How about a small tutorial for today. Today I’m going to show you how I use Dodge & Burn to correct problems with layers masks and luminance selections.
If you use mask, you have probably noticed a situation, where they just don’t select only what you want. It’s mostly visible around the horizon line, around buildings and similar. When you start to blend, it will just create ugly halos around objects. This is because the mask does not fit the area perfectly, and you also effect a bit of the surrounded areas.
Similar, if you for instance try to select an object with a lot of empty space in between (like for instance the Eiffel tower), this also results in a lot of unwanted selections.
In this example screen-shot, I created a darks mask, to select the buildings. But as you can see, part of the selection are also the clouds, which I didn’t want to include. I hope it’s visible, as it is quite faint.
You can of course just take the brush and paint out the unwanted areas, or try and select just them and fill them in, but using Dodge & Burn is just quicker. First to remember, burn makes pixels darker, dodge brighter. So when correcting a layer mask, one needs to use Burn on Shadows when trying to remove parts from the mask, and Dodge on Highlights when trying to add more to the mask.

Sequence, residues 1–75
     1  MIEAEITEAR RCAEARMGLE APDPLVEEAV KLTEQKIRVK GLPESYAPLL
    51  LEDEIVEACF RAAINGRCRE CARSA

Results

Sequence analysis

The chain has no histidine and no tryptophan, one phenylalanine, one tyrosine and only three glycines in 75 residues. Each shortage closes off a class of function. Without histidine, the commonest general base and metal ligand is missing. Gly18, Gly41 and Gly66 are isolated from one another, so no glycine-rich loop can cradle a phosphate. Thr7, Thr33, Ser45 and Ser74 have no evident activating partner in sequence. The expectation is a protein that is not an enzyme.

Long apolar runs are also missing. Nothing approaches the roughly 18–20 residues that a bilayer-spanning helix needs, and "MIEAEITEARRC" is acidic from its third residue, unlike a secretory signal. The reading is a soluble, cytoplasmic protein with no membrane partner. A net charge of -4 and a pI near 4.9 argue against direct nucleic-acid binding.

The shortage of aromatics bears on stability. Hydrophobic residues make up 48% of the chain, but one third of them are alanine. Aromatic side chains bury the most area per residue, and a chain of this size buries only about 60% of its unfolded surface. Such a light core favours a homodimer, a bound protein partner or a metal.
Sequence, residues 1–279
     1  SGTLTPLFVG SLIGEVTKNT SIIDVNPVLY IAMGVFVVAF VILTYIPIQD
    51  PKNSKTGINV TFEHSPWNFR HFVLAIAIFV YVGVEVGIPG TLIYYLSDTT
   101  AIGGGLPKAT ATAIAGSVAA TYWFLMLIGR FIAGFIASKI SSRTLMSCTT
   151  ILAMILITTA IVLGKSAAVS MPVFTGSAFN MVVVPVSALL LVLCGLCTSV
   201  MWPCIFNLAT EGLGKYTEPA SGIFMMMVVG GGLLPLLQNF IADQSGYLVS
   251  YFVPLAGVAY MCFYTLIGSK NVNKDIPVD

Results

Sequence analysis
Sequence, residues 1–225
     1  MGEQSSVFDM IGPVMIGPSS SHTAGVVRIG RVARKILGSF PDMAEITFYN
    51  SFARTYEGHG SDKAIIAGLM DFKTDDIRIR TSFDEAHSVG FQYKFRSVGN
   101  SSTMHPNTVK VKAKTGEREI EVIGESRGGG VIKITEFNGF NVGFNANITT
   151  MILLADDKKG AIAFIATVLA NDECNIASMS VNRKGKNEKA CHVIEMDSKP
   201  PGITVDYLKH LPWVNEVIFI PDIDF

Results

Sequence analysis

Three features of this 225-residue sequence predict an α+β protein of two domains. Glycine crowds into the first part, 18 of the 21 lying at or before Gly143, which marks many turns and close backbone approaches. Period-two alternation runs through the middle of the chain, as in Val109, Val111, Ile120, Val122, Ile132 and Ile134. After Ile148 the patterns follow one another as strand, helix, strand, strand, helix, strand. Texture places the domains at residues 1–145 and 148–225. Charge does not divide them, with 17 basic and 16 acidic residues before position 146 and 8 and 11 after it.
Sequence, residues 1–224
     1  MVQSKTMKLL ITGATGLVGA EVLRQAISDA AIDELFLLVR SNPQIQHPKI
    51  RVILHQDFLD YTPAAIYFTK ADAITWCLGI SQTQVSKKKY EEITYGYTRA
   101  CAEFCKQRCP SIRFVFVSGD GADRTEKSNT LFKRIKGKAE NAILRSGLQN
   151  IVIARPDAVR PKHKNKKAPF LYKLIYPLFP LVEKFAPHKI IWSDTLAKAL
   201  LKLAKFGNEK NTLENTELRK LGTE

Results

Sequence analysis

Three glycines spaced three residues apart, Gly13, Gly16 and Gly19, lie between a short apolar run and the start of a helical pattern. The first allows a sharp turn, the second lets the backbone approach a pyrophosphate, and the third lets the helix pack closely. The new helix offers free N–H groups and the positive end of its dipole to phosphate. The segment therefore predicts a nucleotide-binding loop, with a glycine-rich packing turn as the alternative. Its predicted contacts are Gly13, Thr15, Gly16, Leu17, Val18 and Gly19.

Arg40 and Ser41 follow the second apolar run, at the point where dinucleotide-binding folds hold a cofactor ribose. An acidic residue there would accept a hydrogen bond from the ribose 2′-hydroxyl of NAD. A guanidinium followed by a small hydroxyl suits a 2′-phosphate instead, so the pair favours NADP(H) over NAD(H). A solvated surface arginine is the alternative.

Here, I used Burn at 100% strength and just went over the sky. As it was set to Shadows, it only took the darkest areas (the sky in this instance) and made them even darker. The bright areas of the building were not effected at all, or only very gently. If I wanted to do the opposite, select the buildings more than they are, I would go with Dodge and Highlighs. They would get brighter in the selection, so selected to a bigger degree. Doing this few times, can create a very strong contrast between the selected and unselected areas, but the transition will not be the best. If you use this gently, you will keep the original transition between light and dark areas.